Academic journal article New Formations

Discipline Is Control: Foucault Contra Deleuze

Academic journal article New Formations

Discipline Is Control: Foucault Contra Deleuze

Article excerpt

PHILOSOPHICAL STAKES

It is often assumed that Michel Foucault and Gilles Deleuze have compatible philosophical perspectives. There are both biographical and textual grounds for this assumption. Biographically, the two men were close friends during the early 1970s. This was a relatively brief association, however, which ended apparently because of political differences between them, specifically over Deleuze's signing, in 1977, of a petition which described the West German state as fascist and appeared to support the Red Army Faction's armed struggle against it.1

Textually, one reason the two are taken to be aligned is their explicit commentary on one another's work. Deleuze wrote an entire book on Foucault's thought. He also wrote some relatively brief and informal remarks concerning Foucault, including the focus of this article, his 'Postscript on Societies of Control' (henceforth 'Postscript'), which takes up and expands upon elements of Foucault's conceptual toolkit. For his part, Foucault wrote a couple of short pieces on Deleuze. The first was a 1970 review essay of Deleuze's Difference and Repetition and The Logic of Sense, 'Theatrum Philosophicum'. These two books by Deleuze were published only a year apart, in 1968 and 1969 respectively, and represent his main attempt to articulate his own distinctive philosophical position. Foucault's review is a piece of enthusiastic exegesis. This was the era of the burgeoning of their personal friendship, originating around their shared interest in Friedrich Nietzsche's thought.2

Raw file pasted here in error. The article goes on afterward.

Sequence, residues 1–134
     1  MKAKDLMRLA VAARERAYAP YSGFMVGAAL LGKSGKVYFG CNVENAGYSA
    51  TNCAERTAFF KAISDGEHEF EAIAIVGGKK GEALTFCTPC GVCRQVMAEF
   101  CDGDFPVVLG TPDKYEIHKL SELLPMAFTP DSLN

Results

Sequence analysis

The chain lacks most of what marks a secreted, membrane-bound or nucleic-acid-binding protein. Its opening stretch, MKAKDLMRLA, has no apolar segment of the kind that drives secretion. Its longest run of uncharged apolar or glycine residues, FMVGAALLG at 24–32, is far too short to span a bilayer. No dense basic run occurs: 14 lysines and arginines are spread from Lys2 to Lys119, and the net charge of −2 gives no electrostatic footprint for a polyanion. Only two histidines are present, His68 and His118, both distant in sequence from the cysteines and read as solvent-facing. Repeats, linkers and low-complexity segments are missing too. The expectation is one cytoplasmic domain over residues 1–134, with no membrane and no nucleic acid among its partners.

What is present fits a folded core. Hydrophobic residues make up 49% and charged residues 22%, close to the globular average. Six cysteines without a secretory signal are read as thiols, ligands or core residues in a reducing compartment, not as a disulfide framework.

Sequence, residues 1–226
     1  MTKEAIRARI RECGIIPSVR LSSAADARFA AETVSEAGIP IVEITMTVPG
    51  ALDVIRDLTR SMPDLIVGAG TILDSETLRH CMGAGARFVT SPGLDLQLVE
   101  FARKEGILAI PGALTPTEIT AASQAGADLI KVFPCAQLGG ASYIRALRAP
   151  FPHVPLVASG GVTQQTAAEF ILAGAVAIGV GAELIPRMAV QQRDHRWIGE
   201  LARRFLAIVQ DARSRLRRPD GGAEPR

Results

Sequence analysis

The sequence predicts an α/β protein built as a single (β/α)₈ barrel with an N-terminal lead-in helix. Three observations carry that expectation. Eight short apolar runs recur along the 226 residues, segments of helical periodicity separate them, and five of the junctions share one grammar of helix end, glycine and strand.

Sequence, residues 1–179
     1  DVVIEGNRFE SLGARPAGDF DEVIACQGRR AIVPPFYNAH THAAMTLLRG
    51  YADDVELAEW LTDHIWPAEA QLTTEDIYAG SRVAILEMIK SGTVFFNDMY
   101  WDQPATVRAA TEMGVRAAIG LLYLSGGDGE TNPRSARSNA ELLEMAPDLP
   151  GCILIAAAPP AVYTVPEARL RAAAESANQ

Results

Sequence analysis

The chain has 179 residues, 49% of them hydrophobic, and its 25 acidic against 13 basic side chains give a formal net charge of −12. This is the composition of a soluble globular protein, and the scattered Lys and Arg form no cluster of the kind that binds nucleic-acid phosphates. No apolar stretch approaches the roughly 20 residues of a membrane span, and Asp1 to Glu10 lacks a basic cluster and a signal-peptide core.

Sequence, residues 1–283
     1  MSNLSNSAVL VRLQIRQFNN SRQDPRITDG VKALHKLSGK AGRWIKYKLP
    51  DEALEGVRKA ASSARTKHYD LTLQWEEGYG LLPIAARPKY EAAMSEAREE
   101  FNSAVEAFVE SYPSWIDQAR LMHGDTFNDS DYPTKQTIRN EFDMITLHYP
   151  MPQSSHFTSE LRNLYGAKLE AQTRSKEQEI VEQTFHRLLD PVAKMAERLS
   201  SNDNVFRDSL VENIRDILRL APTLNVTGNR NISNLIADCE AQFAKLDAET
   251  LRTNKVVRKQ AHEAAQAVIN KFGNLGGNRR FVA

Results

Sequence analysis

Foucault goes on briefly to incorporate some lexical elements from his review in his inaugural Collège de France lecture later the same year. Here he largely restates his 1960s research program, adding a degree of politicisation to it. He also affirms what he had previously identified in the review as crucial components of Deleuze's Logic of Sense, namely a philosophy of the 'event' concerned to give materiality to the 'incorporeal' - though he admits in his review that the concept of 'incorporeal materiality' he derives from Logic of Sense is not one Deleuze would assent to.3 Still, any influence on Foucault's thought itself here is overdetermined, in that it is already accounted for by other influences such that it is impossible to say that the influence of Deleuze was particularly decisive. Foucault's Archaeology of Knowledge, released the same year as Logic of Sense, can readily be described as attempting to give a material reading of incorporeal language through the notion of the statement, and the word 'event' is already almost as prominent in Foucault's book as in Deleuze's. Perhaps Deleuze's attention to ancient Greek thought influenced Foucault to conduct research in this direction in 1970, opening a research program he would return to in force in the 1980s - yet Foucault's longstanding interest in Nietzsche already provides a motivation for this turn. Foucault and Deleuze indeed became friends partly because of such pre-existing similarities in their perspectives.

Foucault also wrote an enthusiastic preface to the English translation, first published in 1977, of Deleuze and Félix Guattari's first collaboration together, Anti-Oedipus. Like Foucault's earlier review, this is a case of laudatory exegesis, but in neither case does this imply complete agreement. There are reports that, on the contrary, Foucault disliked the book.4 Anti-Oedipus is, as its title indicates, aimed at usurping the psychoanalytic notion of the Oedipus complex. This was a cause that Foucault and Deleuze had in common: in the first volume of his History of Sexuality, Foucault criticises Freud for reinforcing the patriarchal family as an institution via the notion of the Oedipus complex, at a time when paternal authority was otherwise under attack. Foucault and Deleuze are also both each critical of psychoanalysis for overvaluing sex itself. However, the pair ultimately have almost contrary positions regarding the question of sexuality, due to a broader difference concerning the notion of social power. …

Search by... Author
Show... All Results Primary Sources Peer-reviewed

Oops!

An unknown error has occurred. Please click the button below to reload the page. If the problem persists, please try again in a little while.